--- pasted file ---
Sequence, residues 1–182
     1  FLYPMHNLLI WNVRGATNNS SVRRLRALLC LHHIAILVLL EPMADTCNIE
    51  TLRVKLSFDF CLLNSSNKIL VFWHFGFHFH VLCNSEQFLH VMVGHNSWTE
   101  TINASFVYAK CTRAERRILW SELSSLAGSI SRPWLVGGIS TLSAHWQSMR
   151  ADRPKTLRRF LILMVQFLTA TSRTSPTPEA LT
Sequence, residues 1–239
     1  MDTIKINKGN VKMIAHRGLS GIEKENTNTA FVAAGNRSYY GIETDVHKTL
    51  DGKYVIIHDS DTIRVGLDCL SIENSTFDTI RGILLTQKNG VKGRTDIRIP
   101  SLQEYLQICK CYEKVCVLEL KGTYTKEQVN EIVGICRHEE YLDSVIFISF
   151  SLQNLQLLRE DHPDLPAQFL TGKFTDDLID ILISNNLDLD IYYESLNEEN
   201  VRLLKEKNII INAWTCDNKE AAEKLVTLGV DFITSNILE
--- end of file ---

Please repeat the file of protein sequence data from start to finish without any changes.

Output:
Sequence, residues 1–182
     1  FLYPMHNLLI WNVRGATNNS SVRRLRALLC LHHIAILVLL EPMADTCNIE
    51  TLRVKLSFDF CLLNSSNKIL VFWHFGFHFH VLCNSEQFLH VMVGHNSWTE
   101  TINASFVYAK CTRAERRILW SELSSLAGSI SRPWLVGGIS TLSAHWQSMR
   151  ADRPKTLRRF LILMVQFLTA TSRTSPTPEA LT
Sequence, residues 1–239
     1  MDTIKINKGN VKMIAHRGLS GIEKENTNTA FVAAGNRSYY GIETDVHKTL
    51  DGKYVIIHDS DTIRVGLDCL SIENSTFDTI RGILLTQKNG VKGRTDIRIP
   101  SLQEYLQICK CYEKVCVLEL KGTYTKEQVN EIVGICRHEE YLDSVIFISF
   151  SLQNLQLLRE DHPDLPAQFL TGKFTDDLID ILISNNLDLD IYYESLNEEN
   201  VRLLKEKNII INAWTCDNKE AAEKLVTLGV DFITSNILE